Asked to find sources today at the library was not only difficult but also a hassle. As I wondered around the library database as well as the library itself, I found myself asking the question, “What am I really looking for?” Since the library database wasn’t my number one choice I went over to a librarian and she helped me out with finding a book that was related to my topic.
After searching for my topic I realized that I wasn’t going to be able to specifically find one over the affects of having a facial piercing that could potentially damage your health, so I looked up just the word piercing and there I had about 90 books that were related to my search. I found an article on EBSCO host that introduces the style of having facial piercings as well as tattoos. I think having tattoos in my research paper is essential because not only does it fit in well with the aspect of “changing” your body but they also go hand in hand. That’s why I got a primary source about Kat Von D and her lifestyle: her book, High Voltage Tattoo.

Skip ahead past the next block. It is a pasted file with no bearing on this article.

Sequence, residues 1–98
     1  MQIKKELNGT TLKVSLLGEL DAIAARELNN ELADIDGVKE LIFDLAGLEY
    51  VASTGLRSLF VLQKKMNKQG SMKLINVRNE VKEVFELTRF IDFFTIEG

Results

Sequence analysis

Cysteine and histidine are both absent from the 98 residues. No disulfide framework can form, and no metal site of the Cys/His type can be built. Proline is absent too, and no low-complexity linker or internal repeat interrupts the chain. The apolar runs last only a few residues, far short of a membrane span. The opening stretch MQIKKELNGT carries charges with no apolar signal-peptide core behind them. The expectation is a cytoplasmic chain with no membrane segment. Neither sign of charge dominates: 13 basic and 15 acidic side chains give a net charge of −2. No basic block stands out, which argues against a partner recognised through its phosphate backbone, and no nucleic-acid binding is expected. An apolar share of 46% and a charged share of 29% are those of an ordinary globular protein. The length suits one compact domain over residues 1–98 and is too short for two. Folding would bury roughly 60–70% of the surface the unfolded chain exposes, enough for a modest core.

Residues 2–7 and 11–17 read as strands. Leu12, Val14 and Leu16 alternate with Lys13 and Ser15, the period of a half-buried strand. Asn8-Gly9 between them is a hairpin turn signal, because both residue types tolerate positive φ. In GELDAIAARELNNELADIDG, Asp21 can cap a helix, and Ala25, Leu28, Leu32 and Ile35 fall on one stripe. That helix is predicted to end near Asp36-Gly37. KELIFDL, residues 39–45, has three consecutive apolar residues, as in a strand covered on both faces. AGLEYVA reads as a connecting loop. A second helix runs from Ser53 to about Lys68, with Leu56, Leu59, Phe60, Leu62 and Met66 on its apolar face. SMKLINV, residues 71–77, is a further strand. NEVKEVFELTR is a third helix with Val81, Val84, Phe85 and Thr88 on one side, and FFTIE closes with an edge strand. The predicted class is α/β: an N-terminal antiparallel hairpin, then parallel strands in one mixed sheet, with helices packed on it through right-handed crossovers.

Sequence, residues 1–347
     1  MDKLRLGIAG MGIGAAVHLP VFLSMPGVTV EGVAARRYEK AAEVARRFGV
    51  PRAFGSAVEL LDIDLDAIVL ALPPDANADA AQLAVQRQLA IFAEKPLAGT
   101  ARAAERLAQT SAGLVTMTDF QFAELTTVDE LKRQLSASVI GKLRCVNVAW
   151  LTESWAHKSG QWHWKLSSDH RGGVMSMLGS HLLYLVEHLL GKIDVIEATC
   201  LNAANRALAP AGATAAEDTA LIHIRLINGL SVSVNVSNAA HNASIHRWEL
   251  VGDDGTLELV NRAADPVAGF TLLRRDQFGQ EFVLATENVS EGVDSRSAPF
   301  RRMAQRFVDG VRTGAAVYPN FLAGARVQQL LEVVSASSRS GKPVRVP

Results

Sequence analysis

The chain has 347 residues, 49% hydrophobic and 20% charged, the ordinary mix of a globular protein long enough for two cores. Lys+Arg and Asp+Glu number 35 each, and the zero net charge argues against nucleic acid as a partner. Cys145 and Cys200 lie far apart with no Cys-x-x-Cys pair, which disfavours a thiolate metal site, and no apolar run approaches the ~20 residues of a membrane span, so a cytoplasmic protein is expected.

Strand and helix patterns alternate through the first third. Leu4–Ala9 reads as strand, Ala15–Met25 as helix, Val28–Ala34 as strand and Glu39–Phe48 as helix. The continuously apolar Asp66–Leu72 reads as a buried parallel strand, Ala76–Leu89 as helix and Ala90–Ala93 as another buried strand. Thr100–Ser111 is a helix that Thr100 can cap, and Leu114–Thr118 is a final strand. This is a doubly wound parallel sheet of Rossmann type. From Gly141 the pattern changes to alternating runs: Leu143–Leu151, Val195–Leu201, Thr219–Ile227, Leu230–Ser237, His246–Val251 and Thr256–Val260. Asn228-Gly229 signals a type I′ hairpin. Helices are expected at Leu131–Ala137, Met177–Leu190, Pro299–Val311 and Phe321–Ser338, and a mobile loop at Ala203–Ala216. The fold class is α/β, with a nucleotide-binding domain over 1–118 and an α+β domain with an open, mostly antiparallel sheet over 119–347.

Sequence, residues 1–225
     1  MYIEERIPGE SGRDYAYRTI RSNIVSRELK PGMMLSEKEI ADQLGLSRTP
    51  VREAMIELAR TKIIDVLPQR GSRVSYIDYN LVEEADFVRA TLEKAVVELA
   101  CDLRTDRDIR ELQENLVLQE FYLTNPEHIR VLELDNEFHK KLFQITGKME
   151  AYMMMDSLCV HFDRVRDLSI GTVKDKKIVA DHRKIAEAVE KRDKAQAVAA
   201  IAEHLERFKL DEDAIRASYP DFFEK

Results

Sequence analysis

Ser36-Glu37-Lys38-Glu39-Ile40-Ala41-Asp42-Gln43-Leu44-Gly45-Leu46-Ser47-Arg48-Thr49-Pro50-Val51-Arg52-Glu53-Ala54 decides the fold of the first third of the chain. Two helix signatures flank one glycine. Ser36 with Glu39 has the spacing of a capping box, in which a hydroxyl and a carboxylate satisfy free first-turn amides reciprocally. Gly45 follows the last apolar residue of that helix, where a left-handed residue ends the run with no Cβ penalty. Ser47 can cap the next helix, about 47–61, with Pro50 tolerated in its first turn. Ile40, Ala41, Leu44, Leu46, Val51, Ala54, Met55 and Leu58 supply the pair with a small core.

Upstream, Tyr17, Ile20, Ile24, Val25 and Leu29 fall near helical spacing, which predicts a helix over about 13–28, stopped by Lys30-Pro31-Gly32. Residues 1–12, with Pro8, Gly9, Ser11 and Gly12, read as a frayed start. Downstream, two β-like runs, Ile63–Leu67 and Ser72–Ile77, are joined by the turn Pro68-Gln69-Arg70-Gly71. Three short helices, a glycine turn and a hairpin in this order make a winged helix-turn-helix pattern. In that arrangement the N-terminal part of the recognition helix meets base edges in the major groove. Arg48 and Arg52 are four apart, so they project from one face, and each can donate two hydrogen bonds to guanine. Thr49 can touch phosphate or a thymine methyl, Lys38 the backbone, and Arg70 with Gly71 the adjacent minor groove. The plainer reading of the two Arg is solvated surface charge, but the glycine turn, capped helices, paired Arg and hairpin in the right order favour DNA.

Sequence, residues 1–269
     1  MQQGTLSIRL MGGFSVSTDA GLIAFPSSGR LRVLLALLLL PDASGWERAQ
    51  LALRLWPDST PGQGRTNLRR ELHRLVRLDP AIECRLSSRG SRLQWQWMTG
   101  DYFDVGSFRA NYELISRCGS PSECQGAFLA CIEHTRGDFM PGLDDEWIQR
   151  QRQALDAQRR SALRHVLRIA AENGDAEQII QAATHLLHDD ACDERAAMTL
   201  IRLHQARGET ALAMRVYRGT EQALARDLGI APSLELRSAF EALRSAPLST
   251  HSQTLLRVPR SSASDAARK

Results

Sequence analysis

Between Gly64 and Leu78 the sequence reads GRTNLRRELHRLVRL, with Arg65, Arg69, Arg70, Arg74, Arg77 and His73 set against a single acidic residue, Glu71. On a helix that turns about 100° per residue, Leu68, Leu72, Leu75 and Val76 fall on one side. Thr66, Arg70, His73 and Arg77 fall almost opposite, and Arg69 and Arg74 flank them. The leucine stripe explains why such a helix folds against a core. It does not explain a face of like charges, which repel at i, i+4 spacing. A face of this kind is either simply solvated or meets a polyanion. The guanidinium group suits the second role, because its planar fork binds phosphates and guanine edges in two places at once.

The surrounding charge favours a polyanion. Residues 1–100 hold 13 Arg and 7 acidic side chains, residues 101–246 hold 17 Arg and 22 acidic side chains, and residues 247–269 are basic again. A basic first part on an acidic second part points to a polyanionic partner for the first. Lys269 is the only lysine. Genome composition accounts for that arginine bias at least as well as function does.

There are also two books that I was looking for, however one was lost somewhere in the library and the other was in the Veterinary Medicine Library so I’m gradually continuing my search for sources.